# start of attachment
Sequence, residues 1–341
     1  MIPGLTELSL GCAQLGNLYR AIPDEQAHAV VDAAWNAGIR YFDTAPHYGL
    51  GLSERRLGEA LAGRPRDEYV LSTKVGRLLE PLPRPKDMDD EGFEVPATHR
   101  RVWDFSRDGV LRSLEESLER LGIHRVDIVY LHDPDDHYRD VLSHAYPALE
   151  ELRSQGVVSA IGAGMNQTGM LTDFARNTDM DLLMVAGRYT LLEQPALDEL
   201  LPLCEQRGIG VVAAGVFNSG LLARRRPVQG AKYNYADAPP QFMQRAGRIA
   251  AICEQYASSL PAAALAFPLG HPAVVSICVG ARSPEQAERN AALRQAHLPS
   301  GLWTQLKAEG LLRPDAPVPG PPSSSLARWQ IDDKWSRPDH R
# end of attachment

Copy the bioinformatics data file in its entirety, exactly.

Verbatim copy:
Sequence, residues 1–341
     1  MIPGLTELSL GCAQLGNLYR AIPDEQAHAV VDAAWNAGIR YFDTAPHYGL
    51  GLSERRLGEA LAGRPRDEYV LSTKVGRLLE PLPRPKDMDD EGFEVPATHR
   101  RVWDFSRDGV LRSLEESLER LGIHRVDIVY LHDPDDHYRD VLSHAYPALE
   151  ELRSQGVVSA IGAGMNQTGM LTDFARNTDM DLLMVAGRYT LLEQPALDEL
   201  LPLCEQRGIG VVAAGVFNSG LLARRRPVQG AKYNYADAPP QFMQRAGRIA
   251  AICEQYASSL PAAALAFPLG HPAVVSICVG ARSPEQAERN AALRQAHLPS
   301  GLWTQLKAEG LLRPDAPVPG PPSSSLARWQ IDDKWSRPDH R